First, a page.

The Pasmo card should be the first thing you purchase in Japan. Even for a short stay, its usefulness is indisputable. Not only can you breeze through the turnstiles at metro stations, this smart card calculates the fee for you automatically so you don’t have to figure it out at the kiosk – which, if you get it wrong, holds you up at the other end when you have to cough up the remaining yen in change at the booth. They are also accepted at certain stores, just look for the Pasmo tap machine.
If you have to buy a ticket or decide not to use Pasmo, the ticket machines in Tokyo have an option to display in English. Find your destination on the map above the machine. The fee to get there, which is relative to the current departure point, is printed underneath. Trains that are going out of the city only depart from major stations. These trains, including Shinkansen and Narita Express, sell tickets at the departure station from kiosks and/or manned ticket booths.
Just because you’re at the right station, on the correct line, or even on the right platform doesn’t always mean you’ll end up at your destination. Limited express trains might skip right over your stop, or alternatively, you could save time by taking the rapid train. Be sure to read the signs on the train and platforms carefully, and if you’re not sure, just wait for the local train, which stops at every station along the route. At large stations, these different train types will arrive and depart from separate platforms.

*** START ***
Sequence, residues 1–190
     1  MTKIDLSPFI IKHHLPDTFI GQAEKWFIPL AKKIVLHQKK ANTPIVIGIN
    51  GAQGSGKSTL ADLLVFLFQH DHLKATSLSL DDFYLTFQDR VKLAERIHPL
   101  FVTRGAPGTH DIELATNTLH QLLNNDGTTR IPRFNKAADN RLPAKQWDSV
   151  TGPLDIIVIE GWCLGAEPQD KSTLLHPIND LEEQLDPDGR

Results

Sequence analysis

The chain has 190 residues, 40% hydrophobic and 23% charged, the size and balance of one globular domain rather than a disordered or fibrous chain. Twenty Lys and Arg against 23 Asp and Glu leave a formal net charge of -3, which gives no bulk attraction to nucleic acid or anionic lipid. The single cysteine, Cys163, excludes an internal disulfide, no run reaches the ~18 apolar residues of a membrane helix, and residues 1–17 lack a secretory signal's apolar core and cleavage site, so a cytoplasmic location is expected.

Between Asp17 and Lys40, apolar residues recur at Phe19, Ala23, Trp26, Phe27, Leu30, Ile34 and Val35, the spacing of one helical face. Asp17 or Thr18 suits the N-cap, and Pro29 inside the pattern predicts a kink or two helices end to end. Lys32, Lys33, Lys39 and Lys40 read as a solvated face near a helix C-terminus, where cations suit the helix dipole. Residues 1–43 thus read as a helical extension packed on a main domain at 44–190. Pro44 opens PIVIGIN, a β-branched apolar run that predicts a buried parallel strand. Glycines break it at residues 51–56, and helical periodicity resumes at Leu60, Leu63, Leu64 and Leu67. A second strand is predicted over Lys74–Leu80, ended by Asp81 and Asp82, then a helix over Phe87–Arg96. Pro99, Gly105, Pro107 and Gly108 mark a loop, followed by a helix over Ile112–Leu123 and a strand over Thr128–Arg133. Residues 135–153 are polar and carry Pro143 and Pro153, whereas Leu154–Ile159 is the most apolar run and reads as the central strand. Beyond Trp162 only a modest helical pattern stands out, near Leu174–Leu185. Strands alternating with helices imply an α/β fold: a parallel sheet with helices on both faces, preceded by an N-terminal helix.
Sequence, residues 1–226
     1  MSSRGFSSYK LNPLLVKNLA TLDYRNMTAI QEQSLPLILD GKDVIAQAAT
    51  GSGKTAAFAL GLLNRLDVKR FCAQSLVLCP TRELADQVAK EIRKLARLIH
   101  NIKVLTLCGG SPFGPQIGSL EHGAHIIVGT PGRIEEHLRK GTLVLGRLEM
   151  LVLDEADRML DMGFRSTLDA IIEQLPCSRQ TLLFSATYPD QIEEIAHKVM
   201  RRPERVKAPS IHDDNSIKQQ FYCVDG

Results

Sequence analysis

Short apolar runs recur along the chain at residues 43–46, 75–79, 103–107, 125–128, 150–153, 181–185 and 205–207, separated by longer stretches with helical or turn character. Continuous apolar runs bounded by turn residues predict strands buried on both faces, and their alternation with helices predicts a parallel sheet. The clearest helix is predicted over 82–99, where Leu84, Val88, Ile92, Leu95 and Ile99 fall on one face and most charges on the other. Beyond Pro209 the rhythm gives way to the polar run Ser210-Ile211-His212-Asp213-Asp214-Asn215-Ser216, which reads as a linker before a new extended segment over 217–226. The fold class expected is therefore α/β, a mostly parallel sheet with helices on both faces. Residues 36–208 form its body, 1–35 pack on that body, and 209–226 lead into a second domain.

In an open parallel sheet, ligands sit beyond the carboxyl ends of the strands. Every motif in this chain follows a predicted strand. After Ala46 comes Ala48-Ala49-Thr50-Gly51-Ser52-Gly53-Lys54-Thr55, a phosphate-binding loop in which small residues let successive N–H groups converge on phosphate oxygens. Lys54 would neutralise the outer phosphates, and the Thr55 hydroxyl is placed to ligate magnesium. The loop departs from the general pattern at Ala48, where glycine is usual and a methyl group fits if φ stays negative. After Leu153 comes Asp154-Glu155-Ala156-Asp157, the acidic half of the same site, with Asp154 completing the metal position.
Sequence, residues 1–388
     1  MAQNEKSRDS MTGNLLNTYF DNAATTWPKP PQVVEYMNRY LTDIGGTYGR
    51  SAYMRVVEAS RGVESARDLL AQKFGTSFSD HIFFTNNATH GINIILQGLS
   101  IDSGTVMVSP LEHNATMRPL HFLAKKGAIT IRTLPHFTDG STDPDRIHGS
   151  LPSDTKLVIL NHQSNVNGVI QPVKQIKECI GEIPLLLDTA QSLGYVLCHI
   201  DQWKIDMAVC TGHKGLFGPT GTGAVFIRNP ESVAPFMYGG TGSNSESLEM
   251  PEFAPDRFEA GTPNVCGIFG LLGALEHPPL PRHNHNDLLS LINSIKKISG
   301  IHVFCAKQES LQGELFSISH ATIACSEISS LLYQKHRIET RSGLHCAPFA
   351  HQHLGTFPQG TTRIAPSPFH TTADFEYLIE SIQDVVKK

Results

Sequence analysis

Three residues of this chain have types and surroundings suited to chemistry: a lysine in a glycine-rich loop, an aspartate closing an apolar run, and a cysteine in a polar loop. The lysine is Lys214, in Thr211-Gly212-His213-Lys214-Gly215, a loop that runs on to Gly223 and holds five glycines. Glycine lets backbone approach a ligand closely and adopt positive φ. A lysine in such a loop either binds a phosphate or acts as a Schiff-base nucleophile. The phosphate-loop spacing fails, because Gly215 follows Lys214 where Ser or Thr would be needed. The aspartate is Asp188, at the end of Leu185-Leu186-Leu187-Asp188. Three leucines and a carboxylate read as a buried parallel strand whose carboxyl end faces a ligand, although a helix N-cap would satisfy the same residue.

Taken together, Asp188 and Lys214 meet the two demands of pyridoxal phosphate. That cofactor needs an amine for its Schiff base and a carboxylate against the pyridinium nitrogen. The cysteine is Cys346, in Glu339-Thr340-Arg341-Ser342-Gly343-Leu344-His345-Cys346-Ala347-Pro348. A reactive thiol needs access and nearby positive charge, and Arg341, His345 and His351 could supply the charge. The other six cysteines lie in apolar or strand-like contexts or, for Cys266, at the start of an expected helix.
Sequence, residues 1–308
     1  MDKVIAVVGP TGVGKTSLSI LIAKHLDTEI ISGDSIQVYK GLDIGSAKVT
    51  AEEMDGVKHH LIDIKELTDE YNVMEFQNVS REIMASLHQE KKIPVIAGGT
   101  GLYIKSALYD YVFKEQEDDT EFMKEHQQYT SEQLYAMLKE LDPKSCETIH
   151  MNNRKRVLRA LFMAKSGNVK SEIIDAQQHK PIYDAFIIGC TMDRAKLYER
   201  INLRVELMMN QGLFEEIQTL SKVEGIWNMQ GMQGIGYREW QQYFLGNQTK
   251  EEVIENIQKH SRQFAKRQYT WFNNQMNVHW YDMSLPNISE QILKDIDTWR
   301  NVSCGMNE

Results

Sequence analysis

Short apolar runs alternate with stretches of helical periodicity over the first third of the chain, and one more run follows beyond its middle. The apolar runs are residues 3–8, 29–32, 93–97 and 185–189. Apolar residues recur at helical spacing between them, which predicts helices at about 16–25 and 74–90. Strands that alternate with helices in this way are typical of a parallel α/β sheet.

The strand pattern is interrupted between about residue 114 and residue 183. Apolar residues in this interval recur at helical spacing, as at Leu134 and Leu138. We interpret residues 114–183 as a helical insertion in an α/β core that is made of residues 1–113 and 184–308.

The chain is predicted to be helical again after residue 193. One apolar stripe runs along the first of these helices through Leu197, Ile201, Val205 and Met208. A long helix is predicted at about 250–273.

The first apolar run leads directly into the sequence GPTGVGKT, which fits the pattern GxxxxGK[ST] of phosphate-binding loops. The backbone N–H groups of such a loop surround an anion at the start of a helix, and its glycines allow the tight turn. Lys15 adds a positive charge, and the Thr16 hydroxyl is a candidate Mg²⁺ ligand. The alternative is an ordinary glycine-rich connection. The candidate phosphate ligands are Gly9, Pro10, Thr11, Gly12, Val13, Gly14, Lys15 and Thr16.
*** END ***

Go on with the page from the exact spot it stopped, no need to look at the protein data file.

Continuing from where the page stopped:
The Tokyo Metro experiences three major rush hours every workday. The first and busiest is in the morning, when everyone is trying to get to work or school. The women-only car is enforced at this time, so be sure not to hop onto the girls’ car if you’re a man. The second is in the evening, when most people are getting off work. At that time, it’s more staggered and less busy, as many people choose to run errands or work overtime instead of queuing for the train. The last rush hour is during the final trains of the day, when people don’t want to get stuck in the city until the stations open again at 5AM.
The Tokyo Metro is very famous for its crowded trains, and every once in a while a viral video pops up, planting seeds of fear in travelers’ hearts. The trains are quite pleasant most of the time, but if you do have to ride during rush hour it can be uncomfortable to say the least. At those times, it’s easier to wedge onto the crowded train backwards, and station attendants may help to push so that the doors can close.
Hold your bag tightly in front of you, and don’t try to play with your phone since it might get knocked away from your hand. If you’re near the door, you’ll have to get off at each stop to let others off. When you yourself need to disembark and are struggling to wriggle out, audibly and politely say sumimasen to let the other passengers know you’d like to pass. Most importantly, try not to get frustrated or upset. Everyone is in the same boat, and getting angry won’t solve anything.
When the trains aren’t crowded, passengers can relax, play with their phones, read a book or listen to music quietly. Talking on the phone or having loud conversations with your neighbor are discouraged. Eating or drinking are not permitted on the trains. It’s important to yield your seat to those who need it more than you, including families with young children and the elderly, though the latter are often so healthy and robust they’ll politely decline your offer. Remember that Japanese women like to stay in shape even during pregnancy, and they can be hard to spot. Look for the pink tags provided by the Tokyo Metro, and give up your seat if they need it.